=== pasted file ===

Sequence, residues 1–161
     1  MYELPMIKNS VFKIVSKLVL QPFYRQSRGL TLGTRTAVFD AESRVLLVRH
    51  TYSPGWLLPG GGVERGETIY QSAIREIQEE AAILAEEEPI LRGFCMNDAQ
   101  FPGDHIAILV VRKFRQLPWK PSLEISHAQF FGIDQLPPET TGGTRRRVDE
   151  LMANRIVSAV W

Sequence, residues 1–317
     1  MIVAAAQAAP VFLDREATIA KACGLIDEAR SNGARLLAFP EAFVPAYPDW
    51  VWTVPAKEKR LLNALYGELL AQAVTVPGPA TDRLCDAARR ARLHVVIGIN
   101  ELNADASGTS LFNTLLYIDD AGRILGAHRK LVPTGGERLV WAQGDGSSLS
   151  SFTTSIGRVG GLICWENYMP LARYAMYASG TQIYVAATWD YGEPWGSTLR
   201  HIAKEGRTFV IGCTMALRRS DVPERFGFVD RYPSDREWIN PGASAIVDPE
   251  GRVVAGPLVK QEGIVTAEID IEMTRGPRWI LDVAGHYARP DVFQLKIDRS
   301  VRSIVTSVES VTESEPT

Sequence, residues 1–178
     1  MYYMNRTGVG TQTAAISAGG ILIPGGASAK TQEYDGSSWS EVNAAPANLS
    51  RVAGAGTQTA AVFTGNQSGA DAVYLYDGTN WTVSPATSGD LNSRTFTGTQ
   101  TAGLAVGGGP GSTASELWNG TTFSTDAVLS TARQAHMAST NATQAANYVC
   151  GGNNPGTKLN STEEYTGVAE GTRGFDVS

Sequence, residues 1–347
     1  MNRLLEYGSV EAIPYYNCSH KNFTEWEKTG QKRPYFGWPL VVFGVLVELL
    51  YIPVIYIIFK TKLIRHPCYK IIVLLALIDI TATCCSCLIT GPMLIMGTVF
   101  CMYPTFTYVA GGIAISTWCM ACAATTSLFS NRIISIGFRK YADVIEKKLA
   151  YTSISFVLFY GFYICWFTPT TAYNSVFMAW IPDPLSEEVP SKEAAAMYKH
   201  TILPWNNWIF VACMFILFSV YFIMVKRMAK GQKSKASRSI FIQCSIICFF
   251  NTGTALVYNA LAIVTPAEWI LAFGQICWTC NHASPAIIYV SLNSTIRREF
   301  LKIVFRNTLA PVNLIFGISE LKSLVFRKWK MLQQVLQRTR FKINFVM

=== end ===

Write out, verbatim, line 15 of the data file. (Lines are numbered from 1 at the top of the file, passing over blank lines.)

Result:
     1  MYYMNRTGVG TQTAAISAGG ILIPGGASAK TQEYDGSSWS EVNAAPANLS